WSS Homecoming 2015

1) What are you reading?

Just like I work on multiple project in my writing, I read multiple books, both ebooks and print, cause I kind of have this problem. I can’t stop buying books of any variety (!)

So here’s my current reading list:

  • 1Q84 by Haruki Murakami. Although I’m sure it suffers in translation, I’m enjoying this novel immensely.
  • InFusion by Scott Overton. I’m beta reading this SF novel for an author friend. I’ll save my specific feedback for him, but, just so you know, I think it’s great 🙂
  • The Art of Work by Jeff Goins. On finding your calling. It’s kind of serendipitous that I found out about this book back in January.
  • Moon Called by Patricia Briggs. I picked this up last year after seeing Patricia at Ad Astra. I figured I should get off my butt and read it . . .
  • Pain, Porn, and Complicity by Kathleen McConnell. An academic work on SF&F movies and television series. It’s been a while since I dipped my toes in that particular non-fiction pool.
  • Lock In by John Scalzi. I’m listening to this on Audible. Narrated by the inimitable Wil Wheaton.

2) What was your favorite read in the last year (or month, or…)?

My favourite reading of recent recall is A Turn of Light by Julie Czerneda. I rated it five stars, though I haven’t written a proper review. Yet. This is the kind of fantasy novel I love to read. It’s also the kind I write and there were a lot of similarities between Czerneda’s Jenn Nalynn and Ferrathainn Devlin, the protagonist from my WIP. I was enthralled to the end 🙂

3) Do you have a favorite genre?

Yes and no. I favour fantasy novels of any age range, but I also read science fiction, historical fiction, the classics, mysteries, and romance novels (though I must say I haven’t read many of those recently). I try to alternate fiction and non-fiction reading, as well. Again, most on my non-fiction reads tend to be writing craft books, but I also read as a form of research for my various works in progress, and sometimes, stuff that I’m just interested in. I learn something from everything I read, even if I don’t particularly enjoy the book. In other words, I read as a writer.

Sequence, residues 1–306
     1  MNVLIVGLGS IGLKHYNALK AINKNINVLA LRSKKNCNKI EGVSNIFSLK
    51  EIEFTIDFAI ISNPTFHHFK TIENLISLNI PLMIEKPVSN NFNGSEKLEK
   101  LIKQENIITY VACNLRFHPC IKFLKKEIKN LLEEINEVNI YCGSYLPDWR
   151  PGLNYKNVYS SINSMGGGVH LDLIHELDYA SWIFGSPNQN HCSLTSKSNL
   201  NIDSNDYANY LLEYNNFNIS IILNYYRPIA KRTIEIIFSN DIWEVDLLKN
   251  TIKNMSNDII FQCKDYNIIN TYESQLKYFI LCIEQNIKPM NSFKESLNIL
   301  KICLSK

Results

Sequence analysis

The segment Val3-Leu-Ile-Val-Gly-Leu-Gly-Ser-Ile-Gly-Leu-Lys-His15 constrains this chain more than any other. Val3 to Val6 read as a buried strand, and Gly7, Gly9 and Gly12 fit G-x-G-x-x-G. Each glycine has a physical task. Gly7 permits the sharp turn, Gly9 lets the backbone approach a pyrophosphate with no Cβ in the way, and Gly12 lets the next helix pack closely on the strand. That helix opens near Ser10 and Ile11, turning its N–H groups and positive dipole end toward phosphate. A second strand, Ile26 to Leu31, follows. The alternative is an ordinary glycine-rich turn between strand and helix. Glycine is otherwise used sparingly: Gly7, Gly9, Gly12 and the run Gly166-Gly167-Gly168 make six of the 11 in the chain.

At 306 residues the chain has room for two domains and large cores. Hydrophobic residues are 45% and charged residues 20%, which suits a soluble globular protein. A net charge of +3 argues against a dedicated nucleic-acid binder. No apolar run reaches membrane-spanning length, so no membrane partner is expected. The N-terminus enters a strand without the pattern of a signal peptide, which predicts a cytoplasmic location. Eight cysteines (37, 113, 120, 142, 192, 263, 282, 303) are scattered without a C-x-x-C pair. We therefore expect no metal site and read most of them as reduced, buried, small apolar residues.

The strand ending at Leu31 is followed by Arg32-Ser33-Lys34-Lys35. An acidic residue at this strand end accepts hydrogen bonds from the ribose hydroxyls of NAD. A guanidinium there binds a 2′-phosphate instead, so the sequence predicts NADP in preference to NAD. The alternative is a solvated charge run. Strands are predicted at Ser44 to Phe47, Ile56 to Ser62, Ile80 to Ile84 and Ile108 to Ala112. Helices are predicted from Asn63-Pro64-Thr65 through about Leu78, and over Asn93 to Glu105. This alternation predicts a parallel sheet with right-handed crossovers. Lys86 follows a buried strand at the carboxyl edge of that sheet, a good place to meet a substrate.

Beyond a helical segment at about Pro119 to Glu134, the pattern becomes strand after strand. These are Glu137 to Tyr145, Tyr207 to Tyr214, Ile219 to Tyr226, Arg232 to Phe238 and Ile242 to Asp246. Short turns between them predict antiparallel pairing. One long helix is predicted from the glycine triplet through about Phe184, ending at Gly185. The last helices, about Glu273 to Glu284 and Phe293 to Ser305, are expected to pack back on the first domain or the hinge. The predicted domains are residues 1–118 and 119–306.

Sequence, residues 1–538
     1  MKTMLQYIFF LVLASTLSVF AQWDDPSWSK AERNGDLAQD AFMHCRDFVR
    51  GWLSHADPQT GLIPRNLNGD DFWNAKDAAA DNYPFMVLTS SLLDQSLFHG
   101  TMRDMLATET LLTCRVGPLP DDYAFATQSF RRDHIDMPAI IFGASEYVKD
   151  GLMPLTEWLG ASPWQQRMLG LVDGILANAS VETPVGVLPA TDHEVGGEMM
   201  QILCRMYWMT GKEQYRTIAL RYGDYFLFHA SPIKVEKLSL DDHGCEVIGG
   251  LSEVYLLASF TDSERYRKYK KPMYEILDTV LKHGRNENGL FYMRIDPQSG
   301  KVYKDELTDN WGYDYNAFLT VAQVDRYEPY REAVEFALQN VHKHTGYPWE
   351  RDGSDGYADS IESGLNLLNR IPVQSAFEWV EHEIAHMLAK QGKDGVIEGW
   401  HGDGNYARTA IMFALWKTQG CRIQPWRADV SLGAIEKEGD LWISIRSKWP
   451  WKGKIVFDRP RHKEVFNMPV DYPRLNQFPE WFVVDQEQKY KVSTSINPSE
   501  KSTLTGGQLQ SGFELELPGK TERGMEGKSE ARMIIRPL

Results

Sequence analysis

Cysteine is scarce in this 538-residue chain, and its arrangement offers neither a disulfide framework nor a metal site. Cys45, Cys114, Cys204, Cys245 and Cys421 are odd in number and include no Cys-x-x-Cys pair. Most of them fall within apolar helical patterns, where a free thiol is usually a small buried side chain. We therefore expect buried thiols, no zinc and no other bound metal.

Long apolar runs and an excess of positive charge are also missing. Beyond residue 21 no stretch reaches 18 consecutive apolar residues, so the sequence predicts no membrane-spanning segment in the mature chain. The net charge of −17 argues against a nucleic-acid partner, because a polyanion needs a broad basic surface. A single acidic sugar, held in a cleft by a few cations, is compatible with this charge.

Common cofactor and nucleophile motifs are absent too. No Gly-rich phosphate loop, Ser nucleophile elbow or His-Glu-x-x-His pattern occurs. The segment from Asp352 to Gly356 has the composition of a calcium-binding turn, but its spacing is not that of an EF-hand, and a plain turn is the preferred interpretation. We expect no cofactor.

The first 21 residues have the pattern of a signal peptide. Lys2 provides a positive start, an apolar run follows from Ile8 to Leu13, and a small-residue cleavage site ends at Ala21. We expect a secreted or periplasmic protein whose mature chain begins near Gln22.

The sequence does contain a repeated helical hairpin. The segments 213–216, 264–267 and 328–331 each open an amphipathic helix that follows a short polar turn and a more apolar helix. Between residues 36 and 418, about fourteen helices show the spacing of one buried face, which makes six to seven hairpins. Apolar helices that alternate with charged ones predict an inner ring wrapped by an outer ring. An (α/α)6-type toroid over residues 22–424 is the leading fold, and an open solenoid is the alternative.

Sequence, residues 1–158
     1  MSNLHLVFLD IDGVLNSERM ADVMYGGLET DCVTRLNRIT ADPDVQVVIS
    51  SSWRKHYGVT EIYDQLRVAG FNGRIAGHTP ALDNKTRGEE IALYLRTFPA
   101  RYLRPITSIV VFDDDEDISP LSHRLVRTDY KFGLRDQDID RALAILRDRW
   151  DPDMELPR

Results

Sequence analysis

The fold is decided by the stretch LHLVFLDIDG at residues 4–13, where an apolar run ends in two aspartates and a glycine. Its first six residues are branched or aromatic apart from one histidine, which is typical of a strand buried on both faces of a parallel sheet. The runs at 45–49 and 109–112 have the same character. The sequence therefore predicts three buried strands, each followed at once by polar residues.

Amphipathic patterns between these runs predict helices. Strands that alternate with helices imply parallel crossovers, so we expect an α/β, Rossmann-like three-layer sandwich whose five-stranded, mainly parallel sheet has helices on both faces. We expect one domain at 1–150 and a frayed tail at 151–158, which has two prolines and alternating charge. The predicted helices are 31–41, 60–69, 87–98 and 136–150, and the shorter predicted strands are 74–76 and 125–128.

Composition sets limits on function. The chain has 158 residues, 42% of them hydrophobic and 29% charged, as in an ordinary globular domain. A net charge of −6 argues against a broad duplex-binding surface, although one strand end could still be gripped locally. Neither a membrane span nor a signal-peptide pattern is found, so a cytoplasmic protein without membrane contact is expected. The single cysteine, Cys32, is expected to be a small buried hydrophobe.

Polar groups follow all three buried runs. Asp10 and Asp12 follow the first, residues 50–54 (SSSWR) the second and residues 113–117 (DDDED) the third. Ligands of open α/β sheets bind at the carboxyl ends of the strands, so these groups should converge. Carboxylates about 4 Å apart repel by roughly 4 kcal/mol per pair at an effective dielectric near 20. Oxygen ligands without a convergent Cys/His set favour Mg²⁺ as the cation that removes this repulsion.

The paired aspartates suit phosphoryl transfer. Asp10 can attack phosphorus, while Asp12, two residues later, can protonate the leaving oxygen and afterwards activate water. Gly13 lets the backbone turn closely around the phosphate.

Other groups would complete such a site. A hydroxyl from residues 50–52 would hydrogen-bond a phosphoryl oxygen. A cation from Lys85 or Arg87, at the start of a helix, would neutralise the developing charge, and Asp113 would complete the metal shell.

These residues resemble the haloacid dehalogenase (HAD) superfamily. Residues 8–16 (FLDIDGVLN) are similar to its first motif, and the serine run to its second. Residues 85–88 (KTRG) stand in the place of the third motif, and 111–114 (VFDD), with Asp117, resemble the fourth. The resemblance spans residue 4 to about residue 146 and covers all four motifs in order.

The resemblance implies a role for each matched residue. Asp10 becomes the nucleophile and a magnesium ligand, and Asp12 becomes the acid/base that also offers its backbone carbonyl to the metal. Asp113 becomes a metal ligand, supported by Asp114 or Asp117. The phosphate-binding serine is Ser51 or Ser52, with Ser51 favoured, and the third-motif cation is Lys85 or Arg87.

4) Bend one step further: are there alternative forms of writing or art that you have found inspiring or even dabbled in?

In my “searching” phase of university (the undeclared years) I majored in music and art at different times. Performance anxiety put the brakes on my music career, though I still love to sing. I was summarily drummed out of art class when my professor called me nothing more than an “illustrator.” From time to time, I still sketch, but I’ve honestly never been very good. I’ve sunk all my creativity into my writing for a number of years now. In 2000, I did the crazy, being in between jobs, and auditioned for a Theatre Cambrian production of Hair (Y2K). I sang and danced in that, for what it’s worth 😉

6) Back to your main inspiration: Do you have “mentor” titles for the writing you are working on?

I’ll reframe this in terms of “comps,” or comparative works. As I mentioned above, I learn something from every book I read, so I don’t have any “mentor” titles, per se, though I would identify several novels/authors whose work I aspire to.

  • The above-mentioned Julie Czerneda and her A Turn of Light. I’ve committed to read more by Julie.
  • Juliet Marillier’s Celtic legend inspired Seven Waters series.
  • Guy Gavriel Kay’s novels. Though he writes in a created world, it is based on painstaking historical research. I’m not that dedicated, but I love the stories he writes. He’s actually made me cry in the reading.
  • Sherri S. Tepper. Just anything she writes. I love her ideas. Or should I say lurve?

6) If you didn’t already do this for #4, what music inspires your writing?